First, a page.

In the “2016 Qantas Wallabies Media Guide” – a glossy and functional bit of kit full of statistics, records, player profiles and such – coach Michael Cheika writes that “every match is another opportunity to show our fans and the world what the Wallabies stand for. That’s the attitude we take in every time we have the honour of representing our country on the global stage.”
ARU CEO Bill Pulver enthuses on the historic implications for the three-Test Australia-England rugby series and ensures media that the Wallabies are “hungry for success, and are aware of the tremendous opportunity that 2016 brings for them”.
And while that all may be true – and certainly there’s been a “Lions-esque” feel to this tour – after Saturday night’s belittling at the hands of surging, brutal, belligerent England, Australian fans have learned this: the Wallabies aren’t good in 2016 because they were in 2015. And even though they hammered England 33-13 – in a Test Pulver rates as perhaps the men in gold’s “most famous” win over England (he may not have seen the ’91 World Cup final) – if the Wallabies don’t trot out their best XXIII, they’re back in the panting pack. And that’s just it.
We’ve also learned that England are lots better than we thought. England are hard – hard bodies, hard yards, hard lines. These players don’t “join” breakdowns, they don’t flop on and attach themselves to a little rolling maul. They tear in with pick-handles and malignant intent. They destroy the joint. In the words of former Wallabies coach Dave Brockhoff, they “cause havoc at the breakdown like sharks in a school of mullet”.
The English work is just hard, hard rugby. They care not for aesthetics. Russell Crowe asked people in the film, Gladiator, were they not entertained? England don’t give a stuff. Not in terms of frippery like a silken backline move. What’s the point if it’s a road to nowhere? England do what they must to win. They leave it all out there. They kick long and well. They hit and hit again. They compete, they test the referee.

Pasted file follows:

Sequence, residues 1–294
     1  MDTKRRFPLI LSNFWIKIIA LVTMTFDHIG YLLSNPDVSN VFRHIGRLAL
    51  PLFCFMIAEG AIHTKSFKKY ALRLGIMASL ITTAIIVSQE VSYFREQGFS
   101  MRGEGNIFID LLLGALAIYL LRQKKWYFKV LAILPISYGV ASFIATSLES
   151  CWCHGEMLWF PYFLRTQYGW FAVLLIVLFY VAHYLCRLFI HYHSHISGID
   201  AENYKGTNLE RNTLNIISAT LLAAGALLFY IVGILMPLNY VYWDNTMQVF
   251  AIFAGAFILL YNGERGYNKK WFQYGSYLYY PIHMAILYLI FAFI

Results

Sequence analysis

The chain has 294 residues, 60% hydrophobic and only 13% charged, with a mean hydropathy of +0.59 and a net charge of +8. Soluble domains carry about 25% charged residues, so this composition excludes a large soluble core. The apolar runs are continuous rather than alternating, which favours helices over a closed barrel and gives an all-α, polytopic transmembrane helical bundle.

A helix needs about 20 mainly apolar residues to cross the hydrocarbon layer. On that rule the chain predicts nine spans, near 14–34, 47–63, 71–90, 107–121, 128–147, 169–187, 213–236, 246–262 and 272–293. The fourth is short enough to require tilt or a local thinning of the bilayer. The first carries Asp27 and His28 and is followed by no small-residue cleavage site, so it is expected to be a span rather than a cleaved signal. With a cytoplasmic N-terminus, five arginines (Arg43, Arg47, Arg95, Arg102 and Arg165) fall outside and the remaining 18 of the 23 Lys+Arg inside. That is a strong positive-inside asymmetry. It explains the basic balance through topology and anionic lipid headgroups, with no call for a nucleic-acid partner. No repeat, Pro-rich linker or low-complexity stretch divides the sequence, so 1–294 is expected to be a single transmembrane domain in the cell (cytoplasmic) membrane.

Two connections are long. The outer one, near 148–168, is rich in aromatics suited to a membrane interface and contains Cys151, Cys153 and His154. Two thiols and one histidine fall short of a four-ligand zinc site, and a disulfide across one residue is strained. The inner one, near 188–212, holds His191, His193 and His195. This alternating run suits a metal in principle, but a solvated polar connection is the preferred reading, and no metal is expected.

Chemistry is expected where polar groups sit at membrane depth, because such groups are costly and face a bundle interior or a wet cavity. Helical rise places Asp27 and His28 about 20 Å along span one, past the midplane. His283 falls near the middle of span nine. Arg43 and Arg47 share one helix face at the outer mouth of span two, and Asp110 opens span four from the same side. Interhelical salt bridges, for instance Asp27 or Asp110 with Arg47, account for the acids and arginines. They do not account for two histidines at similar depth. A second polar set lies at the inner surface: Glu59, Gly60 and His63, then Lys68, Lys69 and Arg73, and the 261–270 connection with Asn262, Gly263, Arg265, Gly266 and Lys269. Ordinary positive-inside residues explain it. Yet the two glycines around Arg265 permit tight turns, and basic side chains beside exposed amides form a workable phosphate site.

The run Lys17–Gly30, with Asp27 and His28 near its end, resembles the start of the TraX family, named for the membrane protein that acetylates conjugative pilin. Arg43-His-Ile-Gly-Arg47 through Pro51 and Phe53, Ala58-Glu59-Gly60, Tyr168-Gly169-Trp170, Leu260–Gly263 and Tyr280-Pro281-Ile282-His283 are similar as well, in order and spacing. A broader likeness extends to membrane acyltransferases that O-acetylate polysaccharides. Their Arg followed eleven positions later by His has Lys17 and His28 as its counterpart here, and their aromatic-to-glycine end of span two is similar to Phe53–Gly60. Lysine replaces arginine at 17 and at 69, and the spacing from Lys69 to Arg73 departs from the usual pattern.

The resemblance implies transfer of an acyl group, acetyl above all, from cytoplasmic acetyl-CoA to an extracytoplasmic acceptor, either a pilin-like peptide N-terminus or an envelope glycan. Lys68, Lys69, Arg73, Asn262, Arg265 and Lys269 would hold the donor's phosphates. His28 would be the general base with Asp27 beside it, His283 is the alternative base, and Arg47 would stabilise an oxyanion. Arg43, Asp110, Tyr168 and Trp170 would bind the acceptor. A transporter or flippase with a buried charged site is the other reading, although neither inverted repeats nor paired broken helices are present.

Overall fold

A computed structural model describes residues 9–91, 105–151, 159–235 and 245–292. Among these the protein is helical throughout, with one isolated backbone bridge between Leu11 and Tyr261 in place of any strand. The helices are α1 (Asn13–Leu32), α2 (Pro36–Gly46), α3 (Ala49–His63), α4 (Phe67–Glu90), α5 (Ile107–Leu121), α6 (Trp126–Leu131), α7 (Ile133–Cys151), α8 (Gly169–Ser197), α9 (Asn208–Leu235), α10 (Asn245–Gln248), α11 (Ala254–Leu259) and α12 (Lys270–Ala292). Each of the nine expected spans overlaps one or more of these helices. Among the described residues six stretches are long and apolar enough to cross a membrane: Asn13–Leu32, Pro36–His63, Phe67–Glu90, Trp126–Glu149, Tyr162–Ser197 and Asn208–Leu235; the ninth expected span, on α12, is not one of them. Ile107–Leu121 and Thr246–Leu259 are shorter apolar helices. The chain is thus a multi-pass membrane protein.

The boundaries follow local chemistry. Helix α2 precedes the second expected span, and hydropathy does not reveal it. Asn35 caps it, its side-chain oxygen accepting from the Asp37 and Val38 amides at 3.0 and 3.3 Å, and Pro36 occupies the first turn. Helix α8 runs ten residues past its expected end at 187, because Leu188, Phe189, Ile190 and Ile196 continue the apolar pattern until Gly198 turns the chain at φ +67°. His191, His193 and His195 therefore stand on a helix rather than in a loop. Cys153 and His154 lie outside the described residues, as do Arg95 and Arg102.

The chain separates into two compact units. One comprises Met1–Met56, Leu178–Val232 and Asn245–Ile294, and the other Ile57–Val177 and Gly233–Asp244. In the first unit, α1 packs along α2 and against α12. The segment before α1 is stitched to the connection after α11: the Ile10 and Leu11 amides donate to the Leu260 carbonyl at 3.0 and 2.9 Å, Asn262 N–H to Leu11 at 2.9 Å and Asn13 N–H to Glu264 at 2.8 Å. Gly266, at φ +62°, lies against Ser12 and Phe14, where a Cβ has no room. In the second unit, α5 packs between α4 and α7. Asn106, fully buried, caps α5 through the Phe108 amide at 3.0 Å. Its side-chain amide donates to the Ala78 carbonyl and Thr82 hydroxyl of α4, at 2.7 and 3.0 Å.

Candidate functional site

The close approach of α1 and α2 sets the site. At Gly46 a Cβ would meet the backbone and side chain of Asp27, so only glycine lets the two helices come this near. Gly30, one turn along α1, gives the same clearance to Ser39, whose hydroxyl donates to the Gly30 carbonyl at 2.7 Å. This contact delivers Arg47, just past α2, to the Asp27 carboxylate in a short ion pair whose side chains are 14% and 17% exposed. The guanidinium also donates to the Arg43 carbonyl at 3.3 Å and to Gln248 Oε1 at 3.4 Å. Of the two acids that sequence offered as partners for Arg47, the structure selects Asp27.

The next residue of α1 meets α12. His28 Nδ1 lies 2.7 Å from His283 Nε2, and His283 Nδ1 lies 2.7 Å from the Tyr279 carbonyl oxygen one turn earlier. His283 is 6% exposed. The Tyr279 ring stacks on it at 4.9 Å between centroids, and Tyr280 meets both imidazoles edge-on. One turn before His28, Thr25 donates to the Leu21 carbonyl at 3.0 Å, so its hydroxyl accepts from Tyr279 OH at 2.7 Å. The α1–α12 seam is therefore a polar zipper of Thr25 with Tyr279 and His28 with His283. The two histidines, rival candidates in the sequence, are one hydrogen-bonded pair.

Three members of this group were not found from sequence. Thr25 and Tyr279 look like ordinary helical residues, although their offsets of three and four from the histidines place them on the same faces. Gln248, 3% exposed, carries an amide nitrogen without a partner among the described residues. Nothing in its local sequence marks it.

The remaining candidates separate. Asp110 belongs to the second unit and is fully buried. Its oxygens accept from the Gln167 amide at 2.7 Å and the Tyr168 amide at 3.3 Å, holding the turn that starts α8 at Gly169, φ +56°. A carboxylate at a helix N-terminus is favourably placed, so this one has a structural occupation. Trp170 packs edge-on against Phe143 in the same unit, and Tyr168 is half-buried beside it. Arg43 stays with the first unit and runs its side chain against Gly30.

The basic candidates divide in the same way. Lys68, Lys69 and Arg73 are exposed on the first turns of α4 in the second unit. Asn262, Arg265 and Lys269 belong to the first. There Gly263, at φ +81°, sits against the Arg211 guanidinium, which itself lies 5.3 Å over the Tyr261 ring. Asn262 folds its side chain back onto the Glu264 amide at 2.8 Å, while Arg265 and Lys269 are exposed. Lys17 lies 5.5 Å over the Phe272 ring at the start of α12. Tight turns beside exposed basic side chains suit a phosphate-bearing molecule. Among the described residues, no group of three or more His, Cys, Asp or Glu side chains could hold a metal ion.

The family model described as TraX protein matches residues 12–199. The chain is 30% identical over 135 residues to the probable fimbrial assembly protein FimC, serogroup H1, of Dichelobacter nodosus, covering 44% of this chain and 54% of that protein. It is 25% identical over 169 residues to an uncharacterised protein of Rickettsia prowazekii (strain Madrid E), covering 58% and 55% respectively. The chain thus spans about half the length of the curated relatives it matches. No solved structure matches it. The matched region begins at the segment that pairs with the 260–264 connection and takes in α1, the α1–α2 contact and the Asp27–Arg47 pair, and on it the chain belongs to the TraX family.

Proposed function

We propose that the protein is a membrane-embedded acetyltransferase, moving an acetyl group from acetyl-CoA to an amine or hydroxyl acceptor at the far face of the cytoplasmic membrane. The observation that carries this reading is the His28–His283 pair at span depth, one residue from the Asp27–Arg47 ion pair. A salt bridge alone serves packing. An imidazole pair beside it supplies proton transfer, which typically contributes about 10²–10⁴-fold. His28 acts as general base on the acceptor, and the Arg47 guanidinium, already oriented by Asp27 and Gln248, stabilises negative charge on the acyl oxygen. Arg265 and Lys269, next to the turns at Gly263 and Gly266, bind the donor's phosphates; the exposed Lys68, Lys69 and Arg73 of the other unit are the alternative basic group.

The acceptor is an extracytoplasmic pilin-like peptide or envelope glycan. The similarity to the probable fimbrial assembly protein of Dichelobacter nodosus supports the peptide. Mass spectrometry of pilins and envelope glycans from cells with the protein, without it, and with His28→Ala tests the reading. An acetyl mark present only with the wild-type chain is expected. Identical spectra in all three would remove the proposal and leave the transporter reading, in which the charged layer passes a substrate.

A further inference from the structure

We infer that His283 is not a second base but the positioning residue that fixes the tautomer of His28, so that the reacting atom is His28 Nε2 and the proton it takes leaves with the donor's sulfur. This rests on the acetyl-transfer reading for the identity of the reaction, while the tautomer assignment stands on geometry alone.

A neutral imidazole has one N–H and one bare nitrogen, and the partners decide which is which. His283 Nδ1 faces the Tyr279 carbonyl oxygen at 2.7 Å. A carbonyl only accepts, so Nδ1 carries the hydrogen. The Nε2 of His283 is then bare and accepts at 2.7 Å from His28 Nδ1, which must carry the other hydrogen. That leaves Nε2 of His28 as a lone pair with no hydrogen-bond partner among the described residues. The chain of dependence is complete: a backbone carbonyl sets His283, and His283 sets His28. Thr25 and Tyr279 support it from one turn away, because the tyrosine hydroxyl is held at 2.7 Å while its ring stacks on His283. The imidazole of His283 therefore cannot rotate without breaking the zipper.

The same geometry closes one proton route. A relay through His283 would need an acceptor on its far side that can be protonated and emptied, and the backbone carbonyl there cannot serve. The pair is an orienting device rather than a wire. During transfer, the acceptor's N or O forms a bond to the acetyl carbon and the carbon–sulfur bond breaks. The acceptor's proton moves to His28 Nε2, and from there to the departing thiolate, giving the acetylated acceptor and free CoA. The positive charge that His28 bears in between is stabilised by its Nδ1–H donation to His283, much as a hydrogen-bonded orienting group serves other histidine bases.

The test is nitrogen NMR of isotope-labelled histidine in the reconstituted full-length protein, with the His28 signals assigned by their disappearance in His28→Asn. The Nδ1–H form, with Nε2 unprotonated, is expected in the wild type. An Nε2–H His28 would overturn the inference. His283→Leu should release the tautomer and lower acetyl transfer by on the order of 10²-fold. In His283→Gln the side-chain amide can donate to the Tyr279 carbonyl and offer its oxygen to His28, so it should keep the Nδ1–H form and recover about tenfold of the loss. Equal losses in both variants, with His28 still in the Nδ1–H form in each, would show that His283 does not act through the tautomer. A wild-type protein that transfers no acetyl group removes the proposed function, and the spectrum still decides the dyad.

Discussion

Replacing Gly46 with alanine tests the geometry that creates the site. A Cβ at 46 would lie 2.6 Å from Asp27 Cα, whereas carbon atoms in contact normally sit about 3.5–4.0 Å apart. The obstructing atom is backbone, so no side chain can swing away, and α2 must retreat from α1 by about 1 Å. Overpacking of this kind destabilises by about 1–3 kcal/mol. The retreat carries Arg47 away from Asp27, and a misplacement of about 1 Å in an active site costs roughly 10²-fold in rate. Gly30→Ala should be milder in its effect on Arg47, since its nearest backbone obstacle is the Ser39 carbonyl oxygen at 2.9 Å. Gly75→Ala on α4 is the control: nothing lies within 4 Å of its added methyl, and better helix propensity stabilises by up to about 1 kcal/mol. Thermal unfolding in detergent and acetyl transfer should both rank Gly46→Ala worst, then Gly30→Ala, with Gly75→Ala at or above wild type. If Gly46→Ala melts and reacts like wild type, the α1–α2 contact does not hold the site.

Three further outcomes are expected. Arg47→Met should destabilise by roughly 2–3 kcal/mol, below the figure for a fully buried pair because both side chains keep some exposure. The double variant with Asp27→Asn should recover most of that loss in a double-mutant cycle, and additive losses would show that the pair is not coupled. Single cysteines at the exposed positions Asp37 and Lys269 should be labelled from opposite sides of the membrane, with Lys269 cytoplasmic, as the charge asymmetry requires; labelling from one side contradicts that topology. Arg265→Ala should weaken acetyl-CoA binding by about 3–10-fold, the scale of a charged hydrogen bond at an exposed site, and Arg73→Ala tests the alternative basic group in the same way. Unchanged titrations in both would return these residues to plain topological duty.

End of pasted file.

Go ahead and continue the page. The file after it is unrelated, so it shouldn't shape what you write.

And they tackle. How they tackle. It’s like the advantage line is a dam wall and the England players are Selleys No More Gaps. And there were no gaps. Not a one.
Yet it didn’t stop Australia trying to bash through. For just about the entire second-half at AAMI Park on Saturday night, the Wallabies piled in. They bashed in across multiple phases. It was brutal rugby, largely without finesse or creativity. Eddie Jones knew Australia would “run everything the Australian way”. And he told his men what was coming and to break heads at the breakdown. England barely even had to think – it was just tackle this, tackle that, tackle whatever great golden beast was running at them. And repeat. And keep on doing it until the Wallabies coughed up the pill or the referee found a penalty in the maelstrom.
The Wallabies’ game was like the worst rugby league – one-out, crash-ball, recycle, repeat. Was there no other way? After the hard rushing defence of the week before, was there no thought to chip kicks, cross-kicks, grubbers, bombs?
When Australia tried to use Israel Folau, ripping off one of their myriad “moves” loosely titled “get the ball to Israel”, there was nowhere for the big man to go. You can’t just give Folau the ball and say “here Israel, you’re good, do something good”. Folau breaks the line because of work inside him. He hits holes and tears it up from there. But he has to be put through. He’s a grand support player; he runs at holes.
And England offered up none. Their defensive-line was a dyke. And in the clutch moments, the Wallabies froze. They didn’t back their skills. They were hammered.
Thinking about it, Australia were always over the odds. Firstly because England are good: six Test wins on the trot; fitter than a thousand trout; a coach who well knows the way of Randwick rugby. Secondly, because Australia are missing Matt Giteau, Adam Ashley-Cooper, Will Genia, Drew Mitchell, Matt Toomua, Kurtley Beale, David Pocock and Kane Douglas, and I could be leaving out a couple high-skilled and fit, professional, experienced players who always seem at the peak of their powers.
When Courtney Lawes tore off down field before England scored the killer try at the death, a supporter from a posse of men in golden suits took his golden top hat and slammed it hard onto the ground in disgust.
Cheika could empathise. It was a shocker of a loss. And while fans can be proud of the Wallabies’ effort, if there are another 80 minutes of the same dopey automaton action that was so bereft of ideas how to go around or over or through the wall of man-meat that is England, fans will be proud of them from afar. And watching something else.